Section 182 of the Excise Tax Act (“ETA”) generally deems any payment made to a registrant as a consequence of a breach, modification, or cancellation of an agreement (other than as consideration for a supply), to be a taxable supply. This rule, in effect, means that where there is a breach of an agreement to supply property or services, a payment to the supplier by the recipient to compensate for that breach will generally be deemed to include GST/HST.
Unfortunately, section 182 is often overlooked by parties resolving legal disputes, as the recent Tax Court of Canada (“TCC”) decision in THD Inc. c. La Reine, 2018 CCI 147 demonstrates.
On October 29, 2018, Canada became fifth country to ratify the Comprehensive and Progressive Agreement for Trans-Pacific Partnership (the “CPTPP”), joining Mexico (June 28, 2018), Japan (July 6, 2018), Singapore (July 19, 2018), and New Zealand (October 25, 2018).
Canada’s ratification meant that only one other country needed to ratify the agreement to trigger implementation of the CPTPP. Fortunately, Canada did not have to wait very long because on October 30, 2018 Australia became the sixth country to ratify the CPTTP, triggering a 60-day countdown to the implementation of the agreement on December 30, 2018.
On October 23, 2018, the Conservative-led Government of Ontario announced Bill 47, Making Ontario Open for Business Act, 2018. If Bill 47 passes, it would make a number of significant changes to the Employment Standards Act, 2000 and the Labour Relations Act, 1995, including repeals of many of the workplace reforms made last year by the then-Liberal government.
Special rules in the Excise Tax Act (“ETA”) provide the Canada Revenue Agency (“CRA”) with tools to request or require information for verification and administrative purposes. The CRA can send out a “requirement to provide information” – known as RFI – relating to the enforcement of Part IX of the ETA to a registrant or third party (section 289). Where the person refuses to comply with an RFI, the Minister may make an application to the Federal Court and obtain a “compliance order” and, if the person still fails to comply with the compliance Order and provide the information as ordered, the person can be subject to contempt of court penalties (section 289.1). (Note that there are parallel provisions under the Income Tax Act (“ITA”): see section 231.2(1) and section 231.7 of the ITA).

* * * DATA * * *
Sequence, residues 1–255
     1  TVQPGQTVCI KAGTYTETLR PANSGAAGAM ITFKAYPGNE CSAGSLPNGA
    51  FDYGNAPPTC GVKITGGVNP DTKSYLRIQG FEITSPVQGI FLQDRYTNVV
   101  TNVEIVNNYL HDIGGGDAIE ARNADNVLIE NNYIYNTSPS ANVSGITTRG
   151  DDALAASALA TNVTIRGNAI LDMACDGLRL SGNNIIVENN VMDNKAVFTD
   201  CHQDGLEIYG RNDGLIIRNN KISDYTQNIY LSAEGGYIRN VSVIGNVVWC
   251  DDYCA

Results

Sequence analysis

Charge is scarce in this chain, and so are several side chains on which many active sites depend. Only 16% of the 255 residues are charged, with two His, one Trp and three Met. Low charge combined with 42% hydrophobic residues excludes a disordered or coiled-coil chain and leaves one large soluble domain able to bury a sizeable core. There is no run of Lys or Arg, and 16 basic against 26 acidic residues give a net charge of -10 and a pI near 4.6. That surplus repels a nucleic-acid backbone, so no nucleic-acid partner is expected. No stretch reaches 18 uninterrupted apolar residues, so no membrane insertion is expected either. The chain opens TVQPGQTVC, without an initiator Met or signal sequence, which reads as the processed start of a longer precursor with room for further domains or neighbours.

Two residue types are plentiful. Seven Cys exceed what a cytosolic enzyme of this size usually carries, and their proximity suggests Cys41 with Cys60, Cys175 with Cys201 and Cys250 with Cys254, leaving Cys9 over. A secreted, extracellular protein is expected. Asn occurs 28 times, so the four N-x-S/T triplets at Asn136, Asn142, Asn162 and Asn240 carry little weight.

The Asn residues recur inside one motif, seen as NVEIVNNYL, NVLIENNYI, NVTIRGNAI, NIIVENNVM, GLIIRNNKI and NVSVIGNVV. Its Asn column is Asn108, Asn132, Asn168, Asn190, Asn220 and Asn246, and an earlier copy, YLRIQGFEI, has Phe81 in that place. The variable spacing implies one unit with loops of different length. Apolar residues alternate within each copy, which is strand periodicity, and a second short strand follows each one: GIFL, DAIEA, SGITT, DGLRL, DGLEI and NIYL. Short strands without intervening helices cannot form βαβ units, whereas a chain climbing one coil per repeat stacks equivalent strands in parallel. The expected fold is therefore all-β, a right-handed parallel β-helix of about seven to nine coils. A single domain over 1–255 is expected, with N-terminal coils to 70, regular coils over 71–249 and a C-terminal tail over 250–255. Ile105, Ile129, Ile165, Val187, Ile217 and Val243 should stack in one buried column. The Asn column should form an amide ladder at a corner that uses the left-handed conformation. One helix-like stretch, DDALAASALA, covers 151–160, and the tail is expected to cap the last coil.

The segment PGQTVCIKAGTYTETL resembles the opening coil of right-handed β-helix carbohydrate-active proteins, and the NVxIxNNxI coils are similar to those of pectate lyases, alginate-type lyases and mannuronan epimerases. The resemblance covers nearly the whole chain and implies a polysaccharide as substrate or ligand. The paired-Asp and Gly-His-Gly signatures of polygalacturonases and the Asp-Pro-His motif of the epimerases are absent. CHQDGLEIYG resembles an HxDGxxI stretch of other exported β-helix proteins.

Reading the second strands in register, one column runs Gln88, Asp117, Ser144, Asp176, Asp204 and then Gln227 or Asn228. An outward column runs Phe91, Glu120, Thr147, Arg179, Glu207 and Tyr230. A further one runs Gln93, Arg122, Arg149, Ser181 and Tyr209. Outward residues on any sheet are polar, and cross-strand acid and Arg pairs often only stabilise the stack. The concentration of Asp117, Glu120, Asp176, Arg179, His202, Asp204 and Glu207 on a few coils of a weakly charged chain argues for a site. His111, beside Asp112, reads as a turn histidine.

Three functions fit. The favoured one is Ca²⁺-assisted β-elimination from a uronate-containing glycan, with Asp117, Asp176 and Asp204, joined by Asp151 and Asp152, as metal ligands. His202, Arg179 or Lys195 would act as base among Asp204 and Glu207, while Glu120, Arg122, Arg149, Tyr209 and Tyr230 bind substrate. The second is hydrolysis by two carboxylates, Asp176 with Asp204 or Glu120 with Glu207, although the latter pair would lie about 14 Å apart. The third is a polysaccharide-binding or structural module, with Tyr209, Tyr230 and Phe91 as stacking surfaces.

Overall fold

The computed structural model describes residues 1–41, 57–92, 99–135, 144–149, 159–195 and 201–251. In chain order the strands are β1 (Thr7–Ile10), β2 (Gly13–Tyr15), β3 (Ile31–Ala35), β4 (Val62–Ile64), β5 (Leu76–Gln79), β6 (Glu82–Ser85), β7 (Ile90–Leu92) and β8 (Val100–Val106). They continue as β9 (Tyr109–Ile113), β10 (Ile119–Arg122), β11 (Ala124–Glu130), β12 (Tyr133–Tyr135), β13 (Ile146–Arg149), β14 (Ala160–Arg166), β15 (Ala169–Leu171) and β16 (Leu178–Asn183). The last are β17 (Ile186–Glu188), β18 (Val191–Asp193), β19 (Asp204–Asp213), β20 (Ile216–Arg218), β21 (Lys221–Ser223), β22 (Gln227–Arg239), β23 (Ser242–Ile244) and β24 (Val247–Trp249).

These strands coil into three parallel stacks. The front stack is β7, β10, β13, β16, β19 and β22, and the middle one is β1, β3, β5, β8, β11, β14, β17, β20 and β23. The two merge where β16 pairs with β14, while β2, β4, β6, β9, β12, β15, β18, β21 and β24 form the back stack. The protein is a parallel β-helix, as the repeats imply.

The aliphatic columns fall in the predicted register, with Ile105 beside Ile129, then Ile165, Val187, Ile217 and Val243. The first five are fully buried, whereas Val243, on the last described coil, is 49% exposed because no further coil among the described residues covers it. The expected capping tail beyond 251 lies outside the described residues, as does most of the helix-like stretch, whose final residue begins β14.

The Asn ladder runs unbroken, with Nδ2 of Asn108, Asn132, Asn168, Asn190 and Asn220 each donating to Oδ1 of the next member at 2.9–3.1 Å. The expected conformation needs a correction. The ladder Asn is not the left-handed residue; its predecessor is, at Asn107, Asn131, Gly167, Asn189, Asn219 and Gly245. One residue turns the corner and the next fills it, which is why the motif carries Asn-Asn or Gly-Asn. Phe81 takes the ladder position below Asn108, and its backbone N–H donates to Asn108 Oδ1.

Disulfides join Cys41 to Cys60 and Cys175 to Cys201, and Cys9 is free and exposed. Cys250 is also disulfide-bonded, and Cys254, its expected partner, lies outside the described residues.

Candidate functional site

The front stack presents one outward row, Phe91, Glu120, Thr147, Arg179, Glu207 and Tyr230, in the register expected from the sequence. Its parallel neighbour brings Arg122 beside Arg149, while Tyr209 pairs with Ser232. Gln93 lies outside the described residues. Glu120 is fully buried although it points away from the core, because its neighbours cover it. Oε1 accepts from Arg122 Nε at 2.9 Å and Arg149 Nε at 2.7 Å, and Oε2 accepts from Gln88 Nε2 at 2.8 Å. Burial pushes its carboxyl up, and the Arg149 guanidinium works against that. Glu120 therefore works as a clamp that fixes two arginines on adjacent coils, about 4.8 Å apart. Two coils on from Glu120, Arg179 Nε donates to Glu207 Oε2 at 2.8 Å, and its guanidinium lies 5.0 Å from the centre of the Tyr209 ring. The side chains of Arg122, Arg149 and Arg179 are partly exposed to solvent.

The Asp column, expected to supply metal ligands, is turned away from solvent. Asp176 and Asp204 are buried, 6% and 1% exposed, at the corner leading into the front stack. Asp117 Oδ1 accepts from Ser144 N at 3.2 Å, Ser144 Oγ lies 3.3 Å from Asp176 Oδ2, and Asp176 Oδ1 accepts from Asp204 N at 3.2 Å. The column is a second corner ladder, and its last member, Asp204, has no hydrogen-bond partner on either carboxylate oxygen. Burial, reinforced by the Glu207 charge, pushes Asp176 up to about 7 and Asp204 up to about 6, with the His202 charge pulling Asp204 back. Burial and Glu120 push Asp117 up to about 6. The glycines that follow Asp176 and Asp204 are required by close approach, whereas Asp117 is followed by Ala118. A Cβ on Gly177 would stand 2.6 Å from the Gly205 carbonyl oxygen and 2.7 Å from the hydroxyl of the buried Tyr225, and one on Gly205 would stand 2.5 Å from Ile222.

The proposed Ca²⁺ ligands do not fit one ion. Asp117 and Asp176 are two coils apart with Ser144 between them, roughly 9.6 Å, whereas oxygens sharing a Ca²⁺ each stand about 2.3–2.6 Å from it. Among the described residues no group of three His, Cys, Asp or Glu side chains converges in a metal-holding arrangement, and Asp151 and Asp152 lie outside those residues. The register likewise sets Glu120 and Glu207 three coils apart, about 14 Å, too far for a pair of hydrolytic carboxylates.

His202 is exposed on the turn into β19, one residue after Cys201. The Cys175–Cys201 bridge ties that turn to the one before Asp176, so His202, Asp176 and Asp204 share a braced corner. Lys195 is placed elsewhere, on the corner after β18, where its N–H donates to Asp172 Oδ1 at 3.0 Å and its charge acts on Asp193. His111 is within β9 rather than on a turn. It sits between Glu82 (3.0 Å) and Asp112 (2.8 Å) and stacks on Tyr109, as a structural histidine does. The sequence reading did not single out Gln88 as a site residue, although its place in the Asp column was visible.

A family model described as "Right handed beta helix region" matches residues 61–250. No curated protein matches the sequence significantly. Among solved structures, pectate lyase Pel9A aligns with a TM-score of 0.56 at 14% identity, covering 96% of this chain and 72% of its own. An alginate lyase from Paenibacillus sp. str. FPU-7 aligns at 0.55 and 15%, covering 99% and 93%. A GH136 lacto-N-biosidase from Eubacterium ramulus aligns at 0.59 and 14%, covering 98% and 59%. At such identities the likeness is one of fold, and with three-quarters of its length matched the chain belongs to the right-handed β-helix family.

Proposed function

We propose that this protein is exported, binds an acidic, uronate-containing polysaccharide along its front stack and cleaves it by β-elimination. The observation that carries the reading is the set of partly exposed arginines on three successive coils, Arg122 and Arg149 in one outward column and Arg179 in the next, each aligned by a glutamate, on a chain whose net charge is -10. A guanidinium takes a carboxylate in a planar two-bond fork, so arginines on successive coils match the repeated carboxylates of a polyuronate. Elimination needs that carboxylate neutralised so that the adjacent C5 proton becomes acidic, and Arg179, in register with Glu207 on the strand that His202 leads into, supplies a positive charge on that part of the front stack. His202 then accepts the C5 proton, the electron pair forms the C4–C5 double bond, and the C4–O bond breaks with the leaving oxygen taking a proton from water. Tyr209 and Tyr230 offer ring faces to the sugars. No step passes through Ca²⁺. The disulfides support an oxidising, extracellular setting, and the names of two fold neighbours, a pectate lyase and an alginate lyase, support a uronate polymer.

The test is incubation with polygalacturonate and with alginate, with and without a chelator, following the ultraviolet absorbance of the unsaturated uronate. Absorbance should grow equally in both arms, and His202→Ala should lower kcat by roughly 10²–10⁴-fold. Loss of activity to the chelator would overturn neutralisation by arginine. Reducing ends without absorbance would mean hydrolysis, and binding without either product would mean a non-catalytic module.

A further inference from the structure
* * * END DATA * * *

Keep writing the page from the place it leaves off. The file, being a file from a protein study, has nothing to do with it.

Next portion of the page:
As shown in the recent federal court decision, Minister of National Revenue v. Chi (2018 FC 897), contempt of court is a serious offence and failure to properly respond to a CRA RFI can lead to substantial fines and/or imprisonment.
The Canadian government has chosen to make many financial services tax exempt under the Excise Tax Act (“ETA”). In particular, under the definition of “financial service” in ss. 123(1) of the ETA, a service is an exempt financial service where it is included in any of paras. (a) to (m), and not excluded by any of paras. (n) to (t). Unfortunately, determining what constitutes a financial service and what ancillary or supporting activities are subject to GST/HST is not always clear. It’s been particularly difficult since the introduction of Bill C-9, the Jobs and Economic Growth Act (“Bill C-9”) on March 29, 2010, which refined the definition of “financial service” in ss. 123(1) to clarify that that services that support the delivery of a financial service that are in the nature of management, administration, marketing or promotional activities are not themselves financial services and are thus taxable.
The Bill C-9 changes have created considerable uncertainty in many industries as to whether exempt financial services under ss. 123(1) prior to the enactment of Bill C-9 remained exempt after the Bill C-9 changes. The uncertainty was particularly felt by issuers, acquirers, merchants, credit card companies, and any other entity that operates in the payment/credit card processing industry where prior to Bill C-9 the ss. 123(1) definition of financial service had been broadly applied to ancillary services in cases such as Costco Wholesale Canada Ltd. v The Queen, 2009 TCC 134.
That said, the question of whether or not parties operating in the payment/credit card processing are supplying exempt financial services has gotten even more uncertain after the recent decision of the Tax Court of Canada (“TCC”) in CIBC v The Queen, 2018 TCC 109 (“CIBC”).
Amendments to Canada’s federal privacy legislation, the Personal Information Protection and Electronic Documents Act (PIPEDA), are coming into force on November 1, 2018. These amendments impose upon organizations mandatory reporting, notification, and record-keeping requirements in the event of a privacy breach. The new rules are intended to ensure that Canadians receive sufficient information about privacy breaches regarding their personal information, to promote better data security practices by organizations, and to harmonize with the privacy laws in other jurisdictions (most notably with the European Union’s General Data Protection Regulation).